AFP/Getty
29/50 10 August 2018
A man holds his son before Friday prayers at an evacuation centre in Sambik Bangkol village, in northern Lombok on West Nusa Tenggara province
AFP/Getty
30/50 9 August 2018
A rescuers stands next to a damaged tent in a flooded camping as storms and heavy rains sweep across France on August 9, 2018 in Saint-Julien-de-Peyrolas, southern France. - The bad weather caused large power cuts and a man who was working in a summer camp went missing according to the gendarmerie
AFP/Getty
31/50 8 August 2018
A Palestinian girl smiles as she waits to receive aids at a United Nations food distribution centre in Jabalia refugee camp in the northern Gaza
AFP/Getty
32/50 7 August 2018
An Israeli soldier rides an armoured vehicle during an army drill after the visit of Israeli Defence Minister Avigdor Lieberman in the Israeli-occupied Golan Heights, Israel
Reuters
33/50 6 August 2018
Usable items are salvaged from a home destroyed in an earthquake in North Lombok, Indonesia. The powerful earthquake struck the Indonesian tourist island of Lombok, killing a number of people and shaking neighboring Bali, as authorities on Monday said thousands of houses were damaged and the death toll could climb
AP
34/50 5 August 2018
Accident investigators and rescue personnel work at the wreckage of a Junkers JU52 aircraft in Flims, after it crashed into Piz Segnas, a 3,000-metre (10,000-foot) peak in eastern Switzerland. Twenty people were confirmed dead after the vintage World War II aircraft crashed into a Swiss mountainside, police reports said. The Junker JU52 HB-HOT aircraft, built in Germany in 1939 and now a collectors item, belongs to JU-Air, a company with links to the Swiss air force, the ATS news agency reported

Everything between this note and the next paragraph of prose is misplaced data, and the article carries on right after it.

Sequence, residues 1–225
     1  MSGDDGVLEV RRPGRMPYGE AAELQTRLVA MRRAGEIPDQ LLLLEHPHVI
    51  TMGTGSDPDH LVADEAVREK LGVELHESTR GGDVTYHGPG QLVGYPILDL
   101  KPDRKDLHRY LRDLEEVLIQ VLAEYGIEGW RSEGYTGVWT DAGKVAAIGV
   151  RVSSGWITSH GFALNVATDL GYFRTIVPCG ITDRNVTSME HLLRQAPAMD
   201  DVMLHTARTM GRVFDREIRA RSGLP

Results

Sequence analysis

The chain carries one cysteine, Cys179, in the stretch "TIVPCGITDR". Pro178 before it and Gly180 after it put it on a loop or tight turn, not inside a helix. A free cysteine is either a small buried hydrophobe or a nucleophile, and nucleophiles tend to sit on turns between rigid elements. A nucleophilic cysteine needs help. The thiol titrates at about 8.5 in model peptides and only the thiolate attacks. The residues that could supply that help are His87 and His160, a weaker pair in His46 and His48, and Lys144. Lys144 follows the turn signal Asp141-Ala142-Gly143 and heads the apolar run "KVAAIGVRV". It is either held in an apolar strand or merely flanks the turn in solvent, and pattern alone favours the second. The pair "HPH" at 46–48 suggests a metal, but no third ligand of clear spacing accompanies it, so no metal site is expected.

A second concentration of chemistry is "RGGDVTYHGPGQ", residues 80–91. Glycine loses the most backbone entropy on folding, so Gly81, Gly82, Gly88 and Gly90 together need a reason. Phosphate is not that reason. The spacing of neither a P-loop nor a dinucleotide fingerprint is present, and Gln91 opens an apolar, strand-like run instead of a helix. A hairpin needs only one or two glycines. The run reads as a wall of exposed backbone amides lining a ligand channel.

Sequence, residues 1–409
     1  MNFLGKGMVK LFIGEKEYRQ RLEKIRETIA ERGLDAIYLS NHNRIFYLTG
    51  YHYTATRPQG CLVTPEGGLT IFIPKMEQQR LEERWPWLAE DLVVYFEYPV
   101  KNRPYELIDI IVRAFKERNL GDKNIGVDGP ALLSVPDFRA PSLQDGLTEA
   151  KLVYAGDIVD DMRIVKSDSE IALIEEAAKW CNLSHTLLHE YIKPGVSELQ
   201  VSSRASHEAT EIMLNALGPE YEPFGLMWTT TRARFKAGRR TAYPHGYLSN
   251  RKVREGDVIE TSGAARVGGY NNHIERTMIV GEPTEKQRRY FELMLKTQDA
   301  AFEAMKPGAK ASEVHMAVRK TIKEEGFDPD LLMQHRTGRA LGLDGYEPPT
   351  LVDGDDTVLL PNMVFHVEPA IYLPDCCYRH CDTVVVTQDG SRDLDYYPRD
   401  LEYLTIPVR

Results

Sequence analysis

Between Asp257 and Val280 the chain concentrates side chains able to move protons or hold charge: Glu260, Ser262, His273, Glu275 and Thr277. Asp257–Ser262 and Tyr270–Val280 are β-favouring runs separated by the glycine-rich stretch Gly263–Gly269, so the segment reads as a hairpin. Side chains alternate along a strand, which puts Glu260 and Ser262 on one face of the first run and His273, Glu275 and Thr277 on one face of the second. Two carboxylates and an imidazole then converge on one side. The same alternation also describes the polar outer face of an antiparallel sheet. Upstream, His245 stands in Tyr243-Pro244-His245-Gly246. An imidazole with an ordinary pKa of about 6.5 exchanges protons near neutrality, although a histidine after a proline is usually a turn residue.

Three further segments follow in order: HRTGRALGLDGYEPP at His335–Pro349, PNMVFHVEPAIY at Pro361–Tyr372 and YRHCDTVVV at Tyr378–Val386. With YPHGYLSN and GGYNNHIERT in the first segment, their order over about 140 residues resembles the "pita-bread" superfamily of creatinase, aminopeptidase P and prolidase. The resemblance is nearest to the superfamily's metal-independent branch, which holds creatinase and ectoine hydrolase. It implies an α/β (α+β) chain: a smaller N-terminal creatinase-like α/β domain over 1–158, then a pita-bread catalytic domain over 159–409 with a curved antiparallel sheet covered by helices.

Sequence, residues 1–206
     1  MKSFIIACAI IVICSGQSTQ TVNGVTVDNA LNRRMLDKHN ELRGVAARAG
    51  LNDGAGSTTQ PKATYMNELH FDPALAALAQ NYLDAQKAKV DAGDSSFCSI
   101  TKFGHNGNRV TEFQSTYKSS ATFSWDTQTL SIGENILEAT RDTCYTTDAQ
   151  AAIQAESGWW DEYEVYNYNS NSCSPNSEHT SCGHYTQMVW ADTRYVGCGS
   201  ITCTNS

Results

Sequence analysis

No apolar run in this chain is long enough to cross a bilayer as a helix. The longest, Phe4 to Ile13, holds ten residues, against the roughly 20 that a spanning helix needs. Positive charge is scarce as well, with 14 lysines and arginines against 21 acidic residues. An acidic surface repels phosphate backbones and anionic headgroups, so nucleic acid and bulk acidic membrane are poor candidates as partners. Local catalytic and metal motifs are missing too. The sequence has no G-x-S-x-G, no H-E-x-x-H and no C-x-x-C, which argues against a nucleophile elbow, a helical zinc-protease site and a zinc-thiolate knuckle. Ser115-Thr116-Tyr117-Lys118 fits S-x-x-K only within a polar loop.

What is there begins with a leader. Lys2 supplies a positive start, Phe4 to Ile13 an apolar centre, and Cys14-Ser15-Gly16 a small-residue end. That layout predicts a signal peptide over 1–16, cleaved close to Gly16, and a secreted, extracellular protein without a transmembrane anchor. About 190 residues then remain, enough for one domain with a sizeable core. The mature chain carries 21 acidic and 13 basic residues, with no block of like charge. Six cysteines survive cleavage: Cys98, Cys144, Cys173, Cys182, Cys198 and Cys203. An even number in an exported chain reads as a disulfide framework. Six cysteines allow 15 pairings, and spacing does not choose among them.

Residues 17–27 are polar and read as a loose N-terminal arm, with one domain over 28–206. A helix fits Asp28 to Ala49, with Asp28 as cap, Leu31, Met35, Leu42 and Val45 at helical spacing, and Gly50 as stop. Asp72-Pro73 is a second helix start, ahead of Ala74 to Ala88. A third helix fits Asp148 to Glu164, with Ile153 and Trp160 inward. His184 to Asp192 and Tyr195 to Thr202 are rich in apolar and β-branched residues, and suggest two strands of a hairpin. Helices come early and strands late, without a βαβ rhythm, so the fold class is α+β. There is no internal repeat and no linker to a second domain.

AFP/Getty
35/50 4 August 2018
Members of different security forces stand guard and take evidence after an explosion targeted President Nicolas Maduro, in Caracas, Venezuela. The Venezuelan Information Minister, Jorge Rodriguez, confirmed that President Nicolas Maduro was the victim of an attack with 'drone-type flying devices that contained an explosive charge', and that he escaped unharmed from the incident, which occurred during a military ceremony in Caracas
EPA
36/50 3 August 2018
People in Mbare celebrate after officials announced the re-election of President Emmerson Mnangagwa of the ruling Zimbabwe African National Union - Patriotic Front (ZANU-PF) in Harare, Zimbabwe. The election was the first since Robert Mugabe was ousted in a military coup last year, and featured a close race between Mnangagwa and opposition candidate Nelson Chamisa of the Movement for Democratic Change (MDC Alliance). Deadly clashes broke out earlier in the week following the release of parliamentary election results, amid allegations of fraud by Chamisa and MDC supporters
Getty
37/50 2 August 2018
A supporter of the ruling ZANU-PF walks past a burnt vehicle at the party's offices a day after the clashes between security forces and opposition protesters in Harare, Zimbabwe
Reuters
38/50 1 August 2018
A ceremony takes place in a hangar, to mark the return of 55 sets of remains of American troops killed during the 1950-53 Korean War, at Osan Air Base in Pyeongtaek, South Korea. The ceremony was held five days after a US airplane transported the remains to South Korea from North Korea in a move expected to facilitate ongoing efforts to promote peace on the peninsula